Morrissey: World Peace is None of Your BusinessTuesday 15 Jul 2014
The world of Morrissey has been a funny old place of late. Last year, the lifelong Coronation Street fan sensibly and naturally batted off an invite to play Dot Cotton’s long-lost son in EastEnders.
When his mostly enjoyable autobiography, the tartly titled Autobiography, came out it was mostly greeted with acclaim, it’s dense Dickensian prose hinting that perhaps his future lay in fiction writing. Then he turned around and made a serious offer to represent La Grande-Bretagne in The Eurovision Song Contest.
At a stately 55 years of age, it certainly seemed like Morrissey was becoming more and more like one of the seriocomic characters in one of his funnier solo songs. His legendary distaste for the music industry has long been reciprocated and of late, he has disported himself around the world with a face like a smacked pug.
As Graham Coxon quipped as long ago as 1993, when Blur stopped off at Stonehenge in in their tour film Starshaped: “It’s a bit like going to see Morrissey. Not as big as you thought.”
What a joyful surprise his tenth album is so. He launches into a realm of inventiveness, both musically and lyrically, that he hasn’t occupied in far too long. Sonically, it is more European and Latino in feel with soundscapes and strange mood pieces as the canvas on which he drips his occasionally poisoned but mostly elegant pen.
It is also an album of firsts for Moz. He has recruited multi-instrumentalist Gustavo Manzur and while long-time capo Boz Boorer is still part of the crew, the traditional wide-boys-with-guitars act has been alchemised into something quite flamboyant and beautiful.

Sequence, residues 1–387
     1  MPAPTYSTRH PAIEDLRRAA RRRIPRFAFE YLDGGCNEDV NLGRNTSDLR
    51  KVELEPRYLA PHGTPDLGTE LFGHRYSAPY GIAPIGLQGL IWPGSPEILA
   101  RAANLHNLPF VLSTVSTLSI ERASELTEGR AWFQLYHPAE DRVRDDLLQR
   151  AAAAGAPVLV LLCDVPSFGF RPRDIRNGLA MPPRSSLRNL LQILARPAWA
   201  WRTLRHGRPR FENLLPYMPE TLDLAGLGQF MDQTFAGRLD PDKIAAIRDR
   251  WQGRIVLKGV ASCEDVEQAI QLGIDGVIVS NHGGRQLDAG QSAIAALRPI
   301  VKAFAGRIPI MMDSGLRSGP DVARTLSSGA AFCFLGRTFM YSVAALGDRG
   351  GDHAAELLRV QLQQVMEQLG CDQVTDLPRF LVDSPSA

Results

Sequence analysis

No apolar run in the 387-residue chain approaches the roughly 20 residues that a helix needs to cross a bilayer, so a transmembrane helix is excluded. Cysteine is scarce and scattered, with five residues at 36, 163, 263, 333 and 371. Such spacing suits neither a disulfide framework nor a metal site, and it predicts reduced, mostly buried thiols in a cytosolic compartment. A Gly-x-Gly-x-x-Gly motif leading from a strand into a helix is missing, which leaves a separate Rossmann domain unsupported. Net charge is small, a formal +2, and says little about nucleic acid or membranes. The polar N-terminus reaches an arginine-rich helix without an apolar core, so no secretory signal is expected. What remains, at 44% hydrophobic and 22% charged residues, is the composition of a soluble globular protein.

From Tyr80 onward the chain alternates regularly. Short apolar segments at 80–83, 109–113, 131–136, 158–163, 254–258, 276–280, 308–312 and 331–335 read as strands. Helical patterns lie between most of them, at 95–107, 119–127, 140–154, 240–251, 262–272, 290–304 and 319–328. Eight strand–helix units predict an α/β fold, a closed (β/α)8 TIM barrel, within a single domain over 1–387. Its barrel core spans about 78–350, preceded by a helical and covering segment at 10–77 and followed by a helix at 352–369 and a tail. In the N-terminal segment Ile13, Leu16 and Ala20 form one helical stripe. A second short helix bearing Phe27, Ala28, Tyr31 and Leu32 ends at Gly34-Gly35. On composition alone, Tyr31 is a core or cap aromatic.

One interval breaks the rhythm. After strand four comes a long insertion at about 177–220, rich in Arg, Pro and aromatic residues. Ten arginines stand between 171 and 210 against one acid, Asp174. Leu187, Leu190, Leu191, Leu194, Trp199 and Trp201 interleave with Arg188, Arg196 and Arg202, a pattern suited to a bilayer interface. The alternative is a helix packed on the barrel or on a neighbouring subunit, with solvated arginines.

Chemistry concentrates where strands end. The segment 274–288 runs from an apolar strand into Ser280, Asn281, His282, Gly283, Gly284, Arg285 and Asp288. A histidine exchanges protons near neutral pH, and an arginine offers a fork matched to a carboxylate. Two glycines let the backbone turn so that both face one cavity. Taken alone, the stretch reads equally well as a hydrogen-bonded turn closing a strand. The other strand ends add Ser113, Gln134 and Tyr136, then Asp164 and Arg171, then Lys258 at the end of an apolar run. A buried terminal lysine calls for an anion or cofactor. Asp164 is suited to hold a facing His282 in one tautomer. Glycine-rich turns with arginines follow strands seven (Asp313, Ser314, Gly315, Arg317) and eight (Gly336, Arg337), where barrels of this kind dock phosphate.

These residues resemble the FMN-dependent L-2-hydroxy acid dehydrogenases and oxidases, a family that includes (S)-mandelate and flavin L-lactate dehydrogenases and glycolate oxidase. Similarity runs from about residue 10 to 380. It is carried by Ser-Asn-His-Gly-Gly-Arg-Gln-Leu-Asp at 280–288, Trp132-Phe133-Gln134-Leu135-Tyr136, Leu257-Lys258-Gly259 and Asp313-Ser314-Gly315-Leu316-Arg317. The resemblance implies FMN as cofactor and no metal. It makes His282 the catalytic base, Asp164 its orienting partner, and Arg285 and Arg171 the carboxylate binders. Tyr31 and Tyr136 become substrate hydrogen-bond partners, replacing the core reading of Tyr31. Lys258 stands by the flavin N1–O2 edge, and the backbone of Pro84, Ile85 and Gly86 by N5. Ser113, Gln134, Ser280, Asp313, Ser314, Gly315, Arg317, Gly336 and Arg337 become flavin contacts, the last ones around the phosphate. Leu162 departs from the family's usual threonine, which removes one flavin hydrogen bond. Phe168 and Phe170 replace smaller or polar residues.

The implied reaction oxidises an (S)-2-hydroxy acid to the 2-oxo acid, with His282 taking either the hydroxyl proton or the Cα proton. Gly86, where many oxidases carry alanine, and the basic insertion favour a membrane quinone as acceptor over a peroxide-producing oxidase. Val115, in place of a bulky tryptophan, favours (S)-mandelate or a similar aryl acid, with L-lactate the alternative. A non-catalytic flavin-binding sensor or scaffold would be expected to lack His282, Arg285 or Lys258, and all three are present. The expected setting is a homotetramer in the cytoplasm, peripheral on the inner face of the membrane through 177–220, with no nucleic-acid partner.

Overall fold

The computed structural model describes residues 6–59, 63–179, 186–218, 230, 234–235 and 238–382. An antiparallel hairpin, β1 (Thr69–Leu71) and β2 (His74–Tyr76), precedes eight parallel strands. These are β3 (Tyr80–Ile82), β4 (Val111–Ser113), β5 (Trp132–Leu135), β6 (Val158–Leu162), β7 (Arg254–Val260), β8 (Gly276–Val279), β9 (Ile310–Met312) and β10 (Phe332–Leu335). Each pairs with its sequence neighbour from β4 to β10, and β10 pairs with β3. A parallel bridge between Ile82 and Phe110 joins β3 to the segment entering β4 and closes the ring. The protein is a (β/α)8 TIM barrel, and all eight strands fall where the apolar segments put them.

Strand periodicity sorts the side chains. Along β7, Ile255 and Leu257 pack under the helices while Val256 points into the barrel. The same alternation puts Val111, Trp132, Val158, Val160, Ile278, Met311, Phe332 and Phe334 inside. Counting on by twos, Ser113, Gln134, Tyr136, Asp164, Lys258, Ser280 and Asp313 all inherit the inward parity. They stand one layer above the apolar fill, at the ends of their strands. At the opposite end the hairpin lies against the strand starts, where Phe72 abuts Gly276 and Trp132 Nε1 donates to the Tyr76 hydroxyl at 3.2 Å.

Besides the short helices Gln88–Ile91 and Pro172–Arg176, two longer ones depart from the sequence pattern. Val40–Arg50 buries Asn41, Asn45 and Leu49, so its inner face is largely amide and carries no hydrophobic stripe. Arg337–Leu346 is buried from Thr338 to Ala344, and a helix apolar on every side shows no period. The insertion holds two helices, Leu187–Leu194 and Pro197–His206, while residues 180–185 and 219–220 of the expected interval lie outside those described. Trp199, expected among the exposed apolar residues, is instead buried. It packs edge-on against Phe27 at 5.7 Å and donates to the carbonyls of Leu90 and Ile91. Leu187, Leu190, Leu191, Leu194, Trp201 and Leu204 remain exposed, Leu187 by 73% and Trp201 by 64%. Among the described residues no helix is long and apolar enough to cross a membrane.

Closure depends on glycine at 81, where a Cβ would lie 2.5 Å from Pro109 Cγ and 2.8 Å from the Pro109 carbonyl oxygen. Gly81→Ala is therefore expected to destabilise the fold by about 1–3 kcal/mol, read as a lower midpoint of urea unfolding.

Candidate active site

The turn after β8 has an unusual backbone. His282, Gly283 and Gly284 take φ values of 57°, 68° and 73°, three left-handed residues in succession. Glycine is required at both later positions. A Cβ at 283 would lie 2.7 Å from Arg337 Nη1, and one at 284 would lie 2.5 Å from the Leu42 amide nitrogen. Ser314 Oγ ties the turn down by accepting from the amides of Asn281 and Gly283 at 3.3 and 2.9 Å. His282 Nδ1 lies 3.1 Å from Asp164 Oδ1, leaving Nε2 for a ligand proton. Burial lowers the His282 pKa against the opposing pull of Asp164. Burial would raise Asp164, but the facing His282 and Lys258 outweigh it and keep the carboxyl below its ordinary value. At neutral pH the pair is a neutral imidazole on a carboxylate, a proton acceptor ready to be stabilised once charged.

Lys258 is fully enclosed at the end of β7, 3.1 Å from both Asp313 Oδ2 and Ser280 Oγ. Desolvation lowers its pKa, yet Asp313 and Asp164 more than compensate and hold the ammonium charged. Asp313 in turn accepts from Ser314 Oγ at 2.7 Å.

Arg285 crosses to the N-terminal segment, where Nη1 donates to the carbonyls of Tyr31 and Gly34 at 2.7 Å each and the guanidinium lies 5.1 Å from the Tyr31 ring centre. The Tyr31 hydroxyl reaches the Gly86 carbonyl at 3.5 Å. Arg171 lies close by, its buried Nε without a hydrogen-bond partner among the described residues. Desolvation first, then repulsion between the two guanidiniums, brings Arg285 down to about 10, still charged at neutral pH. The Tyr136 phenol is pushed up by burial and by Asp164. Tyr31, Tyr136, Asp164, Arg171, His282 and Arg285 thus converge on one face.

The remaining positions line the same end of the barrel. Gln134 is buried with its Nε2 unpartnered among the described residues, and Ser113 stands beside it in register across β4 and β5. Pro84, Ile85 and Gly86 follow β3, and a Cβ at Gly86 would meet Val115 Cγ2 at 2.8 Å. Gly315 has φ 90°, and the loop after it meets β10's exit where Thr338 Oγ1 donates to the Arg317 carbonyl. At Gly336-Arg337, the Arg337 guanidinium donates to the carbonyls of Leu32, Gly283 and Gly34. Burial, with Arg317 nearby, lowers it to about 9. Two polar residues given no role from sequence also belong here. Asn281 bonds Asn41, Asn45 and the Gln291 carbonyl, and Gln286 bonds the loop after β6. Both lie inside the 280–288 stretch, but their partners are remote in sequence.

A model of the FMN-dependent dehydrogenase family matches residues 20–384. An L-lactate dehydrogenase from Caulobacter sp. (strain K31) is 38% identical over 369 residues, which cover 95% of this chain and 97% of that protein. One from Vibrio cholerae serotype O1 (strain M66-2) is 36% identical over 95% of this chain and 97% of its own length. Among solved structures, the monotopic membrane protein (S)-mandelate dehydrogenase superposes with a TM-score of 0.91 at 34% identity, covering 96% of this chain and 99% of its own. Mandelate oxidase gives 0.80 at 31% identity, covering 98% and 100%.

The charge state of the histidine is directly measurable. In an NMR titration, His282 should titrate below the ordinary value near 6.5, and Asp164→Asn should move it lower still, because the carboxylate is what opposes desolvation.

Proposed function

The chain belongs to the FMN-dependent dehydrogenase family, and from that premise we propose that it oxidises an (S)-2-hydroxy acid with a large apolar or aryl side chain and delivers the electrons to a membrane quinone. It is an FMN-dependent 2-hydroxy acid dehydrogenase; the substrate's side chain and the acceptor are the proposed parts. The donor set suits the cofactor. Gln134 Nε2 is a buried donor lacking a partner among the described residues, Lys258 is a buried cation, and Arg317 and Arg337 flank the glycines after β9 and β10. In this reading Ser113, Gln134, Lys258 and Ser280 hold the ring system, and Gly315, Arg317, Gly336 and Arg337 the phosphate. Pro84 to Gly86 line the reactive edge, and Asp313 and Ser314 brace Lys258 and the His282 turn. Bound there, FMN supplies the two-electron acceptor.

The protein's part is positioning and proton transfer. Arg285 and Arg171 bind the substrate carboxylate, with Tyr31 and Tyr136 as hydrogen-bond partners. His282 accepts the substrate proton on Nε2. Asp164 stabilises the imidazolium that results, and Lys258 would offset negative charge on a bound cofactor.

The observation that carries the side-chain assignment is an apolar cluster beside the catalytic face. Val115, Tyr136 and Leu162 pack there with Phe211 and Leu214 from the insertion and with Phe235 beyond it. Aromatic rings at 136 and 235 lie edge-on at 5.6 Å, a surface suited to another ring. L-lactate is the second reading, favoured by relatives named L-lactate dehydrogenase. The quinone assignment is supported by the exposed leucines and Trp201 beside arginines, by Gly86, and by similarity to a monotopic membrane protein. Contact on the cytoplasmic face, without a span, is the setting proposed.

After the dumbly strutting meat (chortle) and too much veg indie rock of recent albums, there is an appealing and wayward weirdness to the new songs. The sweeping title track opens with a didgeridoo (a didgeridoo!), the bright clack of castanets, and farfisa organs trills and throughout the near hour-long running time, there are arrangements and musical diversions that might be styled as Moz goes experimental.
There are some touchingly tender moments too. The near eight minutes of I am Not a Man (“I am something far more”) may begin as a beautiful gossamer light shimmer but expands into a symphony of pure sound and ends with the kind of breathless life-or-death drama that seemed to have long deserted him. The spiky rock-out of Istanbul also features a beautiful melody shrouding the darkest kind of tragedy - “I lean into a box of pine, identity the kid as mine”.
Smiler with Knife, the best song here, is heartbreaking with its warm auditorium-filling vocal and a real sense of ghostly longing. The pun-tastic possibilities of Mountjoy Prison cannot be resisted on Mountjoy, Moz’s very own Ballad of Reading Goal. “The joy brings you many things but it cannot bring you joy” he intones gravely and later, name checks the place’s most famous inmate, and fellow Crumlin boy, in the lines “Brendan Behan’s laughter rings for what he had or hadn’t done.”
No other pop singer this late in their career seems to be still trying as hard as Morrissey but he does offer up some pretty juvenile and petulant political views in places. Mostly, he cuts up rough on old topics. On The Bullfighter Dies, he cheers the death of the matador and Kick The Bride Down The Aisle will leave the sisterhood gasping as Morrissey rates the intelligence of a cow in a field over that of - what he sees as - the conniving bride.
We’re on safer and saner ground with the terrific Staircase at The University, a mix of macabre humour with added serious head injuries (a la Late Night Maudlin Street) as the band cook up Flamenco guitar flourishes and Morrissey nails one of his best vocal performances in years.
With this bravado mix of waspish humour, pure mischief and deadly earnestness, a star really is reborn. The campaign for Morrissey's five-night stand at Croker begins here.